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Derek R. Rhodes, Leonel Trujillo, Isabel Rushanaedy, Chris Boniface, Kirsten Lampi; Importance of βB1 Crystallin in Development of Zebrafish. Invest. Ophthalmol. Vis. Sci. 2011;52(14):2772.
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© ARVO (1962-2015); The Authors (2016-present)
The βB1-crystallin is a major protein in the young lens, including in zebrafish. We propose that βB1 serves a major role in lens formation and function. βB1 has several isoforms & expression of the main form is high on day 4 related to other proteins (Greiling, Molecular Vision 2009).
Expression of βB1 in zebrafish was knocked-down in order to test its role in lens development. Adult AB strain fish were purchased from ZIRC(Zebrafish International Resource Center_Eugene, OR) and bred in order to microinject into embryos. Antisense DNA morpholinos(MOs) were designed based on the target βB1 main DNA sequence and were injected into the yolk of the embryo during the 1-2 cell stage of development. Embryos were harvested at 24, 48 and 72hpf (hours post fertilization) and then de-chorinated, photographed, and decapitated prior to being homogenized for RNA extraction. After the RNA was quantified, cDNA synthesis was done using an iScipt kit. Relative levels of βB1 between knockdown and control groups were done via qPCR standard curve analysis. Protein levels were estimated via SDS. The experiment was repeated.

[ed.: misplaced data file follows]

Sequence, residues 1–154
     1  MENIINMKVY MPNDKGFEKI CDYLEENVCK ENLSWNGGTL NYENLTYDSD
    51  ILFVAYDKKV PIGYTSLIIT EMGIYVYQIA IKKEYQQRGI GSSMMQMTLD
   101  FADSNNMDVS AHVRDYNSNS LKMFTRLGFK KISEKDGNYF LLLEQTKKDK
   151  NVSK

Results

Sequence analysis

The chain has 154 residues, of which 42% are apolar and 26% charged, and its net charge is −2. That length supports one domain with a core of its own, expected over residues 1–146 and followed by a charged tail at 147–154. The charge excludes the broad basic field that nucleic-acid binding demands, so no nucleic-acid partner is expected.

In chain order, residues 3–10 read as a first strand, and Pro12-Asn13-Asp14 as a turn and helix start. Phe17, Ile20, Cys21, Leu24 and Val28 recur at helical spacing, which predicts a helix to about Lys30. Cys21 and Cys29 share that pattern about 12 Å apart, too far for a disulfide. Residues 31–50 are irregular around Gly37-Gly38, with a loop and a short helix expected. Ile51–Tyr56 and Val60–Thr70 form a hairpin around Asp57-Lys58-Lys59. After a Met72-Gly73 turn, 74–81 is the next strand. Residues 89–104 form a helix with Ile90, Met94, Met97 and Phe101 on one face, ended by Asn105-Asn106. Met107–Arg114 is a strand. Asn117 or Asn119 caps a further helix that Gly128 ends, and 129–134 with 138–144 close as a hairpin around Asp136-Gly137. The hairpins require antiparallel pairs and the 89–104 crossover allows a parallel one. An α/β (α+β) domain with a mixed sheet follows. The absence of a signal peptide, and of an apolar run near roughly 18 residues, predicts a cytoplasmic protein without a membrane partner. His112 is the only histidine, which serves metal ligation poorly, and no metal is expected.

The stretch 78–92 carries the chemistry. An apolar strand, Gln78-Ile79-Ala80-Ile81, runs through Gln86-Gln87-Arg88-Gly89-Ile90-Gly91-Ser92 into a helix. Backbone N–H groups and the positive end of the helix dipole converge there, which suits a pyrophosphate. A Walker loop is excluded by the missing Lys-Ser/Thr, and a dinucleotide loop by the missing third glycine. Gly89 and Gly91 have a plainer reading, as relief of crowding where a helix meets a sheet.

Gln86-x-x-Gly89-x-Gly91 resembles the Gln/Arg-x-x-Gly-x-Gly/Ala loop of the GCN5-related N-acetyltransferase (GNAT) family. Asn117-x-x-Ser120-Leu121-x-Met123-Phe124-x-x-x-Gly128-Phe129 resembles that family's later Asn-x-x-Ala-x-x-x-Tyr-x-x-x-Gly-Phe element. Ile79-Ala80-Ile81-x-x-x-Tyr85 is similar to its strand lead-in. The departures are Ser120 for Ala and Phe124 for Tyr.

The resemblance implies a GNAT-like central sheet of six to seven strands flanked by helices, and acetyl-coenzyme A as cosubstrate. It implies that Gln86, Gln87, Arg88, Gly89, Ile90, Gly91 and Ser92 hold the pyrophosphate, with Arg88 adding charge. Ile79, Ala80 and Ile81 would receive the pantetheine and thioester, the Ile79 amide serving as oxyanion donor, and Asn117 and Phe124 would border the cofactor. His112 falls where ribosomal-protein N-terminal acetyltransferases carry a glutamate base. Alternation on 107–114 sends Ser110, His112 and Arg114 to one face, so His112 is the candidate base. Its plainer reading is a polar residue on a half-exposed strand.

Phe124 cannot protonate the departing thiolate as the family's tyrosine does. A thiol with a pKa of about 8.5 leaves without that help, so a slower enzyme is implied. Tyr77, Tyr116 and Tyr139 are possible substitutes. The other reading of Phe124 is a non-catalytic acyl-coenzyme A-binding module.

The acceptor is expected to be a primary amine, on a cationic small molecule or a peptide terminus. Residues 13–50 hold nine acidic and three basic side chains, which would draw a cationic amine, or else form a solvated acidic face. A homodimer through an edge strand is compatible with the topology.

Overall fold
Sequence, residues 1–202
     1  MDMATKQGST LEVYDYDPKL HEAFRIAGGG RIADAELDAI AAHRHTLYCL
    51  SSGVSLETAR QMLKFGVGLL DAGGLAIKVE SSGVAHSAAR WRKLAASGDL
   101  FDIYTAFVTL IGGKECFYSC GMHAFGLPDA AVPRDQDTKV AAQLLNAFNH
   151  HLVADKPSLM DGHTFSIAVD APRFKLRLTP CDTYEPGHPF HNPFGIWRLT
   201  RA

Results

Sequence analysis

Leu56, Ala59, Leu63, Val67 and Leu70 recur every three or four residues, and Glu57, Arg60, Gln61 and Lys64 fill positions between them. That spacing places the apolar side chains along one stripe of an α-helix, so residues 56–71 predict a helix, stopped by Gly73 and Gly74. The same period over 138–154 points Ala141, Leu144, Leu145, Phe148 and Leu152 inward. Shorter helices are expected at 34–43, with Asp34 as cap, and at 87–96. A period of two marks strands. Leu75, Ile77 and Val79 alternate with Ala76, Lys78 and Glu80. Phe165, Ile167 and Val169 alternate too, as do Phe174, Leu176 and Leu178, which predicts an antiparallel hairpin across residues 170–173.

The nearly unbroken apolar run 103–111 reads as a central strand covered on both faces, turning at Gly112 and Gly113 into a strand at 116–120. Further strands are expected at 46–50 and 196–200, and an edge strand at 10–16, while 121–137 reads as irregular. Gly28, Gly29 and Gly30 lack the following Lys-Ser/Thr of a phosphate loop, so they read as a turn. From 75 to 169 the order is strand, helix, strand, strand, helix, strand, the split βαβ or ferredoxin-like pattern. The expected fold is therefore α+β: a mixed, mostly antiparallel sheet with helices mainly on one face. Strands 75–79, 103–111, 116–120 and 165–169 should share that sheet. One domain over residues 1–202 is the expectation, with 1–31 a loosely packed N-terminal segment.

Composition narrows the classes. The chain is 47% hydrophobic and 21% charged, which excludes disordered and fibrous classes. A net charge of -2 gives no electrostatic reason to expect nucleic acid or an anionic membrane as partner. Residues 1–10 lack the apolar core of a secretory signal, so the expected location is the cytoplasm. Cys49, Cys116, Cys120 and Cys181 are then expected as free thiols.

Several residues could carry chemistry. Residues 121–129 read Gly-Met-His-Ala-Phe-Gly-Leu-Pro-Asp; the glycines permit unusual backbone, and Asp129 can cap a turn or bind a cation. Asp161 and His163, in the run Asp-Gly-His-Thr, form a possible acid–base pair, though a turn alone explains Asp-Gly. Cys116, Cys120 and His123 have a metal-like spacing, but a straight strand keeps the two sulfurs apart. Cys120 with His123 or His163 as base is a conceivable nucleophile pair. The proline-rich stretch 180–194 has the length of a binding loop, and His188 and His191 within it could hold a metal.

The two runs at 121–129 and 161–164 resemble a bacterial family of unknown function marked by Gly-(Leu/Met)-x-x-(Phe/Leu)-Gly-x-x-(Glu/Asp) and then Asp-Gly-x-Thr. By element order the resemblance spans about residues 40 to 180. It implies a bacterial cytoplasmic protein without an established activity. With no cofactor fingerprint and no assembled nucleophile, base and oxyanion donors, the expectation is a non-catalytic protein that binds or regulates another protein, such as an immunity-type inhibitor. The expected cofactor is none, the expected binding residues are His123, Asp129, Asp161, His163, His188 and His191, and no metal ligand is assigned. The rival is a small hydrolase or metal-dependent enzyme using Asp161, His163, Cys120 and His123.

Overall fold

At 48hpf the averaged results show a mortality rate of 11.6% for the uninjected, 11.9% for the control MO, and 14.3% for the test MO groups. No toxicity affects were found in the uninjected and control groups, however, 9.6% of the test MO group showed signs of non-specific MO toxicity. A phenotype of a mal formed lens was observed 88% of the time in the test MO group, but not in the uninjected or control MO groups. Test MO groups were found to have 21% βB1 compared to the uninjected group via qPCR analysis. One and two dimension gel analysis indicates a difference in overall protein expression; this is being further explored.
Knocking down βB1 during development leads to phenotypic changes at 48hpf supporting the role that βB1 is needed for lens development. Given the high levels of expression of βB1-main at 4 days, it appears that the protein is significantly important and the other crystallins cannot compensate for the loss. In the future we will be knocking down the expression of this gene and performing a rescue with a mutant deaminated form of the protein that will greatly increase our understanding of the role of βB1 related to lens development and cataract formation.
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